So if you have time, tune in…..
———- Forwarded message ———-
From: Bureau of Ocean Energy Management Office of Public Affairs <john.romero@boem.gov>
Date: Thu, Aug 8, 2013 at 12:50 PM

Note to Stakeholders August 8, 2013
turbine banner






  Dear Ocean Stakeholder,

The Bureau of Ocean Energy Management (BOEM) and the Department of Energy’s National Renewable Energy Laboratory (NREL) will be in Honolulu, Hawaii next week to educate both our BOEM OCS Renewable Energy Task Force members and the public on offshore renewable energy technologies best suited for areas on the Pacific Outer Continental Shelf, and the multi-faceted complexities of such marine-based energy systems. Due to high levels of interest, we are pleased to announce that we are making the two-day event available online.

The free two-day training session will include presentations by experts from the Department of Energy’s National Renewable Energy Labotratory (NREL) on offshore wind and marine hydrokinetic (MHK) technologies and will also include technical expert panel discussions. For a copy of the final agenda, please click here.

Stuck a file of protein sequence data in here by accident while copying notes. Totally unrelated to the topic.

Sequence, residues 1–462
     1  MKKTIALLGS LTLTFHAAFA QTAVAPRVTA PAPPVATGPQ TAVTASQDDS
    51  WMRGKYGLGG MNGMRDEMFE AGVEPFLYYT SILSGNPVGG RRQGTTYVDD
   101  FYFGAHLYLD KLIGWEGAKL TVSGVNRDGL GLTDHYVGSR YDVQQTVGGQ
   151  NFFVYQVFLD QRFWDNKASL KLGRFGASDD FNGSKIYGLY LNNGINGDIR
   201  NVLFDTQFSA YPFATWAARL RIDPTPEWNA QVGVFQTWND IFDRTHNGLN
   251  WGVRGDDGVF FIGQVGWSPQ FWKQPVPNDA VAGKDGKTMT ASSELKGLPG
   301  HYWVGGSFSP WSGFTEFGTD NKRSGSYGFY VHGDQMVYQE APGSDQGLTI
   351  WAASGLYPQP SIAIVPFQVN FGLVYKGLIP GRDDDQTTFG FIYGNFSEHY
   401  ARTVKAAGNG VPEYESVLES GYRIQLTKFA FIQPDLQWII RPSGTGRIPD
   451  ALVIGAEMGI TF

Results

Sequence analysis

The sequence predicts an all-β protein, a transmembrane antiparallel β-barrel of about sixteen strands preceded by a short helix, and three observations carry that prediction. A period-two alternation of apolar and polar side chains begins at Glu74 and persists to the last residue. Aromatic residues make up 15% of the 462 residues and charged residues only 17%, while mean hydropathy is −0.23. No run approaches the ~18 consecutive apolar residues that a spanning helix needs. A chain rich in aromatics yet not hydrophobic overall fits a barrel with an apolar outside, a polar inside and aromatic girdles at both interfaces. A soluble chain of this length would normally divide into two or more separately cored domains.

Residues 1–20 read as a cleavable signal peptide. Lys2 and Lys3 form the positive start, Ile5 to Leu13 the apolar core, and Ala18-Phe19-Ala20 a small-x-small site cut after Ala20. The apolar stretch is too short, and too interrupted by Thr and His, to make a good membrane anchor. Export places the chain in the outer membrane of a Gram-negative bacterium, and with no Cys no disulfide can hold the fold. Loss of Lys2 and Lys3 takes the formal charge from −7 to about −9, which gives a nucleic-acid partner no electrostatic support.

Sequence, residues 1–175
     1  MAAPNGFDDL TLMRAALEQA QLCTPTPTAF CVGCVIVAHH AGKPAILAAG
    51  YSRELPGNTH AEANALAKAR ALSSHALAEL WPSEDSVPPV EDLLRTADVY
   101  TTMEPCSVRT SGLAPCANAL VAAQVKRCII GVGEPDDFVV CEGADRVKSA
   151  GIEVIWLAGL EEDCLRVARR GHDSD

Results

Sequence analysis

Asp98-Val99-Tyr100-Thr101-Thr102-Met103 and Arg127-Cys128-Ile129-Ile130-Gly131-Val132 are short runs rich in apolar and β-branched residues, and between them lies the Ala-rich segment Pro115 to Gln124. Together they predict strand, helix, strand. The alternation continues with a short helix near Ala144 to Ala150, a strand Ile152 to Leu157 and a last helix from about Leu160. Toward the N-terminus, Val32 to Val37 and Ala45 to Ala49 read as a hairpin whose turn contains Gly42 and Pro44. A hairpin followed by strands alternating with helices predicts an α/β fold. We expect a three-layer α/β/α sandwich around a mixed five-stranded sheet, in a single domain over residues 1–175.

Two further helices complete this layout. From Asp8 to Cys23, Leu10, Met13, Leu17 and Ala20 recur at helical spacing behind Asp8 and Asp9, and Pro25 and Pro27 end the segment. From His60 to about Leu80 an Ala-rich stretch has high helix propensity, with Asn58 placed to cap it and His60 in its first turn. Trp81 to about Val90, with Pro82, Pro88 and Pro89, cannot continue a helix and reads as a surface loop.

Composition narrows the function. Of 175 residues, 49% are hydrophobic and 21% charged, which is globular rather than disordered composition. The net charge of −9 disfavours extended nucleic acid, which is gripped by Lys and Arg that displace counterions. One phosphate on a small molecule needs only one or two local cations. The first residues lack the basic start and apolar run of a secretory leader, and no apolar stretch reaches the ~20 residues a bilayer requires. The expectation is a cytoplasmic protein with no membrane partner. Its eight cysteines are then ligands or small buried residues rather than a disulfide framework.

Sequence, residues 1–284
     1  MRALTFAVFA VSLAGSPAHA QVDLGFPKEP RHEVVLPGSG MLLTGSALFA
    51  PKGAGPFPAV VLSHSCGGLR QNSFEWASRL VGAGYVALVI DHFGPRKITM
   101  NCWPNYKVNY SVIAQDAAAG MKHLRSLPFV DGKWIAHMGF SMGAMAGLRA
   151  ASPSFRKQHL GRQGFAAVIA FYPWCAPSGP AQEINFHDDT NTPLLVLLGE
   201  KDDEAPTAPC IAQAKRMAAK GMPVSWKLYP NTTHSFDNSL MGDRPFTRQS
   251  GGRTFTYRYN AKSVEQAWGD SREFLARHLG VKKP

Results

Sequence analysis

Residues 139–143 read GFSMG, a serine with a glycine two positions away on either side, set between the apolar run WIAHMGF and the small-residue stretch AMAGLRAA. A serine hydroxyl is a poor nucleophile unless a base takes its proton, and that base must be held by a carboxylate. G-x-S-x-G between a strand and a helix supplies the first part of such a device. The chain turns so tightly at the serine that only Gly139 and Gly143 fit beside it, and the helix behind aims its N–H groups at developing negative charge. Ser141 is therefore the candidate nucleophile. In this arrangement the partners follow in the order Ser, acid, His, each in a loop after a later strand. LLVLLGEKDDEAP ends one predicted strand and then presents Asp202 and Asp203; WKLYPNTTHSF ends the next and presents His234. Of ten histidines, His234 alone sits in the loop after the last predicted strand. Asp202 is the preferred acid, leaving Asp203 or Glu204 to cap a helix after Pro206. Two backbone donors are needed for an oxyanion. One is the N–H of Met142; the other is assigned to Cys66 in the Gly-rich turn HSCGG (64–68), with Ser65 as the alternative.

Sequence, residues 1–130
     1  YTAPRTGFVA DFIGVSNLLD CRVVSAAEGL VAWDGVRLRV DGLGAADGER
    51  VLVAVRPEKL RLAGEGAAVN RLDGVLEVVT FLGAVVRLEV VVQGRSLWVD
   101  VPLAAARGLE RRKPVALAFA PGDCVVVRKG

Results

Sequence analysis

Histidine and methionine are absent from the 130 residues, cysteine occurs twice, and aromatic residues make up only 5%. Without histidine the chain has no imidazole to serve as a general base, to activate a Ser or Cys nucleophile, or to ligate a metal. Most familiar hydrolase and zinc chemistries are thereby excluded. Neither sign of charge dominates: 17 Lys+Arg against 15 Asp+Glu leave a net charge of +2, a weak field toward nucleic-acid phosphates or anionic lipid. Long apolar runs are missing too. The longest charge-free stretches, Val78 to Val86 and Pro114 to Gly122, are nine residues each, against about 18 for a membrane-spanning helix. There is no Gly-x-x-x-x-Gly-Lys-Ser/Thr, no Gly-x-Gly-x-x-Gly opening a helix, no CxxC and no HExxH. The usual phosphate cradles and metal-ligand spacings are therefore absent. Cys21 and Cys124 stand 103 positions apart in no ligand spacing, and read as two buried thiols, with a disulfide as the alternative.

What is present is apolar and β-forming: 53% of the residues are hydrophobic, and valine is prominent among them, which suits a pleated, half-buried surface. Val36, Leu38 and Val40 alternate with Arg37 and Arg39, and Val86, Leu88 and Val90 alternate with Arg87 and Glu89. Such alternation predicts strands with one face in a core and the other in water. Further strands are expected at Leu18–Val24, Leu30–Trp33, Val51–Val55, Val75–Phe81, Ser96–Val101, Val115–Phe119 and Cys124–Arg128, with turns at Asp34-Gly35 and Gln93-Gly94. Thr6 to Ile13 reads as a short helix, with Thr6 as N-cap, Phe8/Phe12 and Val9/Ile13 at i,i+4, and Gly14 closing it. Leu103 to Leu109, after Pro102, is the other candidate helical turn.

To participate via webinar please use the following:


Tuesday, August 13th

Call-in number: 877-951-7311   Participant passcode: 2620984

WebEx URL: https://www.mymeetings.com/nc/join.phpi=PW6246467&p=2620984&t=c


Wednesday, August 14 

Call-in number: 877-951-7311   Participant passcode: 8482549

 WebEx URL: https://www.mymeetings.com/nc/join.phpi=PW6246478&p=8482549&t=c

For more information on BOEM Pacific Region activities, please go tohttp://www.boem.gov/Pacific-Region/


John D. Romero

BOEM Office of Public Affairs

About the Bureau of Ocean Energy Management

The Bureau of Ocean Energy Management (BOEM) promotes economic development, energy independence, and environmental protection through responsible, science-based management of offshore conventional and renewable energy development.

For More Information: 
Caren Madsen or Blossom Robinson 
BOEM Office of Public Affairs 

Please visit us at


Bureau of Ocean Energy Management
 | BOEMPublicAffairs@boem.gov | Washington | DC | 20240

Vacation is over…..back to work!

The events are coming:

IAM will be hosting our annual Paddler’s Dinner for the Na Wahine O Ke Kai on September 21, 2013.  This event is open to the participants of the race and the community.  Come join us for great food and entertainment.  Call our office at (808)-213 1321 for more information.

Planning is  underway for our third annual Alternative Energy Festival.  The festival will expand to a three day event:  Thursday, January 9 – Friday, January 10 – Saturday, January 11, 2014.  If you would like to be involved in anyway, give us a call at (808) 213-1321

Bottoms UP – Enjoy our latest film!

Reason to Celebrate!